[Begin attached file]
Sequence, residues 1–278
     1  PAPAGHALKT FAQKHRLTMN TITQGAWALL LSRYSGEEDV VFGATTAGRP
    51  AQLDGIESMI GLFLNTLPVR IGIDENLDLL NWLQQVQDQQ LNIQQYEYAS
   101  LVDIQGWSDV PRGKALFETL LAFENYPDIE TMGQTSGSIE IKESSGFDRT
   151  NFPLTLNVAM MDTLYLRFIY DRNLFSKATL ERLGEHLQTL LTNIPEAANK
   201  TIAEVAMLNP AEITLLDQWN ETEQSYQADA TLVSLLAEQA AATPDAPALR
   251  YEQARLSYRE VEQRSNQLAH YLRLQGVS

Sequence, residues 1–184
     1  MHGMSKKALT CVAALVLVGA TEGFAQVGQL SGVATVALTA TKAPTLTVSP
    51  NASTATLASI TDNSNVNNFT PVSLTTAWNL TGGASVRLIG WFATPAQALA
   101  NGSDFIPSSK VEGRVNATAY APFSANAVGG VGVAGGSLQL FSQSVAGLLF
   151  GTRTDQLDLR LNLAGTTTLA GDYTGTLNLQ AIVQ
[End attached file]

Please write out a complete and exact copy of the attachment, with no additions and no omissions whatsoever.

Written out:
Sequence, residues 1–278
     1  PAPAGHALKT FAQKHRLTMN TITQGAWALL LSRYSGEEDV VFGATTAGRP
    51  AQLDGIESMI GLFLNTLPVR IGIDENLDLL NWLQQVQDQQ LNIQQYEYAS
   101  LVDIQGWSDV PRGKALFETL LAFENYPDIE TMGQTSGSIE IKESSGFDRT
   151  NFPLTLNVAM MDTLYLRFIY DRNLFSKATL ERLGEHLQTL LTNIPEAANK
   201  TIAEVAMLNP AEITLLDQWN ETEQSYQADA TLVSLLAEQA AATPDAPALR
   251  YEQARLSYRE VEQRSNQLAH YLRLQGVS

Sequence, residues 1–184
     1  MHGMSKKALT CVAALVLVGA TEGFAQVGQL SGVATVALTA TKAPTLTVSP
    51  NASTATLASI TDNSNVNNFT PVSLTTAWNL TGGASVRLIG WFATPAQALA
   101  NGSDFIPSSK VEGRVNATAY APFSANAVGG VGVAGGSLQL FSQSVAGLLF
   151  GTRTDQLDLR LNLAGTTTLA GDYTGTLNLQ AIVQ